Editor's note: Inslee dropped out of the race on Aug. 21, 2019.
Washington Governor Jay Inslee’s presidential agenda: climate change policy with a side of climate change policy.
Inslee is one of nearly two dozen people competing for the Democratic presidential nomination in 2020. He’s got a long political resume. He started out in the Washington legislature in the late ‘80s and went on to serve as House rep in Congress for seven terms, before leaving for the governor’s mansion. Oh, he also likes to paint nature scenes. And write books for his grandkids in his spare time. But back to the resume:
As a House rep in the ‘90s, he voted to ban assault weapons, which he says likely cost him his re-election (he was re-elected in a different district a few years later).
As governor, he’s supported a number of progressive reforms. That includes banning bump stocks, raising the minimum wage, and adopting paid family leave.
He backed Washington’s court action against President Trump’s travel ban. He recently signed off on a public health insurance option, making the state the first to adopt this kind of plan. And signed a bill that will move Washington to 100% clean energy by 2045.
The Elephant in the Room
There’s only roughly a million people running for president this year. And Inslee is not a candidate who people, you know, know. He has an iffy track record when it comes to actually getting some of his climate ideas passed. Plus there’s evidence that centering his entire campaign on one issue may not resonate with voters.
The 2020 Policies
On climate change...it’s only the basis for his entire campaign. He’s unveiled multiple plans, including one that’s 38 pages long. Not a typo. The gist: create 8 million jobs in the next decade focused on green energy. As in doing things like building solar panels and electric cars. Also shut down coal-fired power plants by 2030, and have all new cars sold in the US doing the electric slide.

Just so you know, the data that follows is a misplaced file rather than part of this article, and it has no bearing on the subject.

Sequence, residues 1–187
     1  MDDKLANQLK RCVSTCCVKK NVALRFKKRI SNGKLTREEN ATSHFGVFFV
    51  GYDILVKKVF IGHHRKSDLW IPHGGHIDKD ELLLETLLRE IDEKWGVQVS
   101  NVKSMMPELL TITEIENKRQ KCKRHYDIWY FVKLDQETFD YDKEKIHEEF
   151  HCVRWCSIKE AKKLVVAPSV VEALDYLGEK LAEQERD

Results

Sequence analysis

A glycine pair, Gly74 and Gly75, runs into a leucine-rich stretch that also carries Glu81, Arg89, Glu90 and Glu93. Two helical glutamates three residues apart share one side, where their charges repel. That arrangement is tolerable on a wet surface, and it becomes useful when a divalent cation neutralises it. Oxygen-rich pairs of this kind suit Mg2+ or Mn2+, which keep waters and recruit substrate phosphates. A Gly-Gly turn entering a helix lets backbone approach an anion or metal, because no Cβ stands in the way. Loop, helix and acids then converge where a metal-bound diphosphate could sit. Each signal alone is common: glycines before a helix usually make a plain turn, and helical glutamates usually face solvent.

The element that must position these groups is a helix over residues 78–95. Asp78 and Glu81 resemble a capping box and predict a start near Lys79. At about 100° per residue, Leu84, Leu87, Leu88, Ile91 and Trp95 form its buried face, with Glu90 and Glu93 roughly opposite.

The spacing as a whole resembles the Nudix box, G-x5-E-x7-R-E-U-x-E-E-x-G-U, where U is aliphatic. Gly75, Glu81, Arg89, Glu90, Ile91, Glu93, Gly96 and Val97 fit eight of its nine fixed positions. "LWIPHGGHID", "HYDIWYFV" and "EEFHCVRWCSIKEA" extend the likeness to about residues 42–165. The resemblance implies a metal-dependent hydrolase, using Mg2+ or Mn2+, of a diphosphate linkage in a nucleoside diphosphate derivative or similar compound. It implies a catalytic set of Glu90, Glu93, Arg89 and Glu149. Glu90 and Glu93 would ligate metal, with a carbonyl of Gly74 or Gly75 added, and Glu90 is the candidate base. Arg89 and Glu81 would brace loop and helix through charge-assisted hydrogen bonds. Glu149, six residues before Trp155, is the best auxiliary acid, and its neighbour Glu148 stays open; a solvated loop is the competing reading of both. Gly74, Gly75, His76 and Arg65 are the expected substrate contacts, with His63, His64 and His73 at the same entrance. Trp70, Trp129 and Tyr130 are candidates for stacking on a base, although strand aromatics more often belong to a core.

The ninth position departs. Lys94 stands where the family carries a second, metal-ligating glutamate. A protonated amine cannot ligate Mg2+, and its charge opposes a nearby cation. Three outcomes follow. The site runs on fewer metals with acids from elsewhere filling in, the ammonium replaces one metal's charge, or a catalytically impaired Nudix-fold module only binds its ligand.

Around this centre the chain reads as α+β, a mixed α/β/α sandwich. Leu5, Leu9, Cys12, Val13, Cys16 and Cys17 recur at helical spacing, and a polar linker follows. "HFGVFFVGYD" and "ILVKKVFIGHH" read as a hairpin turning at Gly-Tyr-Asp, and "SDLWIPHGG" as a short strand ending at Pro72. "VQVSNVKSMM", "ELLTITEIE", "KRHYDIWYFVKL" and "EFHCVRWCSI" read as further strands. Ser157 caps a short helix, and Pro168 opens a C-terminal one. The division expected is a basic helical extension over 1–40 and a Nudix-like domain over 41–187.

On everything else...he’s got some ideas. But ultimately, remember climate change?
On reproductive care...as president, he’d make a woman’s right to choose an “enforced civil right.”
On gun control...he doesn’t want to arm teachers and thinks schools need more counselors on hand to help students deal with any “psychological and emotional pressures.”
On student debt...he wants it to go Washington’s way or the highway. As governor, he recently signed off on a law that will give free tuition at public schools for families making about $50,000 a year or less.
Inslee is not here for the single-issue criticism. He says addressing climate change inherently means also addressing the economy, health care, and national security. His extensive climate plan has received praise for its actionable policy and fast timeline. Time will tell whether it’s enough for his campaign to break through the crowd.